p. 348.6
  • Hercules was waiting right where they'd left him.
    p. 348.8
  • And, seeing Hercules again, she felt more certain than ever she couldn't give him what he wanted.
    p. 349.0
  • Hercules didn't exactly brighten when he saw Piper carrying the bull's horn, but his scowl lines lessened.
    p. 349.1
  • Hercules snapped his fingers.
    p. 349.3
  • Hercules stared at her as if she were speaking in Japanese.
    p. 349.6
  • The veins on Hercules's neck turned as purple as his robes.
    p. 349.9
  • Piper pointed the mouth of the horn at Hercules.
    p. 350.3
  • A torrent of fresh fruit, baked goods, and smoked hams completely buried Hercules.
    p. 350.8
  • Piper heard Hercules shrieking and struggling somewhere underneath.
    p. 350.9
  • As the island retreated from view, Hercules's head broke above the mound of goodies.
    p. 351.4
  • Jason summoned a gale so strong, it pushed them into the sky, while Percy sent a ten-foot-tall wave against the shore, knocking Hercules down a second time, in a cascade of seawater and pineapples.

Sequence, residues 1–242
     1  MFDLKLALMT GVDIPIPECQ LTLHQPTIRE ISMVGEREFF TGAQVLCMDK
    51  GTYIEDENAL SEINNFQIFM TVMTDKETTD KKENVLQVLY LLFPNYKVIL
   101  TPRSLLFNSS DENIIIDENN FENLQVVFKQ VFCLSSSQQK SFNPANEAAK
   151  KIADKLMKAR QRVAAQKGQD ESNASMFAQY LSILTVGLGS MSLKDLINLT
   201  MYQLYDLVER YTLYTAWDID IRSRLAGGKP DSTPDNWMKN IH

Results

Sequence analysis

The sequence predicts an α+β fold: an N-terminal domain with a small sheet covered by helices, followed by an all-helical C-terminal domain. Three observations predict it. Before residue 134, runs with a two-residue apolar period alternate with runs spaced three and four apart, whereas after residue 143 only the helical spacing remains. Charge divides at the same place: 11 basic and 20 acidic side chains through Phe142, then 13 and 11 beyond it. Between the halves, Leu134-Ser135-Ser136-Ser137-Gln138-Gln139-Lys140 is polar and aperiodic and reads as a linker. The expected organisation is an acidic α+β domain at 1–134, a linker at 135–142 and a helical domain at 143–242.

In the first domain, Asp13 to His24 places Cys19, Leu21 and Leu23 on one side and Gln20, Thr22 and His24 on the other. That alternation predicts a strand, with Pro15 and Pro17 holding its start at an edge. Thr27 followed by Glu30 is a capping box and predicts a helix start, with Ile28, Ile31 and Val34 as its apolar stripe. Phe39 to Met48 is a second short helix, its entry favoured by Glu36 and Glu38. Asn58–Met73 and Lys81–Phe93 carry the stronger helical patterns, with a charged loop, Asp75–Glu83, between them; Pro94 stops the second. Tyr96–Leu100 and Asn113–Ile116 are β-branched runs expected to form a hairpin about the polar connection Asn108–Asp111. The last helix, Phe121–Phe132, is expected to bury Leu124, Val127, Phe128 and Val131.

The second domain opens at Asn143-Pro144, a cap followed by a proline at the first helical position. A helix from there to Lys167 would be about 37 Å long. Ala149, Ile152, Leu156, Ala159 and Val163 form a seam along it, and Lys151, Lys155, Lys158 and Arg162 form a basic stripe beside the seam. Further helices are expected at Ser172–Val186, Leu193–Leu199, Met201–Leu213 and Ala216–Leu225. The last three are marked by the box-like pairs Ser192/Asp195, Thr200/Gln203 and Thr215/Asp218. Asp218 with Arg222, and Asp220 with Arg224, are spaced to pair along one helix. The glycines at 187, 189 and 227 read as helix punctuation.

p. 351.8
  • After all that, they had arrived at the Pillars of Hercules, and Percy had to stay aboard ship while Jason the Big Shot visited his half brother.
    p. 352.3
  • Hercules, the most famous demigod of all time, and Percy didn't get to meet him either.
    p. 352.4
  • Okay, sure, from what Piper said afterward, Hercules was a jerk, but still ....
    p. 352.6
  • After leaving the Pillars of Hercules—unscathed except for a few coconuts lodged in the hull's bronze plating—the ship traveled by air for a few hundred miles.
    p. 353.6
  • Every Greek or Roman hero had sailed these waters—from Hercules to Aeneas.
    p. 361.3
  • Since they'd left the Pillars of Hercules yesterday evening, Jason had seemed distracted.
    p. 473.9
  • Hercules had been a pretty huge disappointment as a big brother, and the old river god Achelous had said some unflattering things about the sons of Jupiter.
    p. 474.0
  • "Hercules was a jerk," he said, as if reading her thoughts.
    p. 475.6
  • She'd only been able to bury Hercules in groceries when she had concentrated on all her positive experiences with Jason.
    p. 497.1
  • The few times Percy and Jason had worked together—summoning the storm at Fort Sumter, helping the Argo II escape the Pillars of Hercules, even filling the nymphaeum—Percy had felt more confident, better able to figure out problems, as if he'd been a Cyclops his whole life and suddenly woke up with two eyes.
    p. 527.9

There are no more uses of "Hercules" in The Mark of Athena.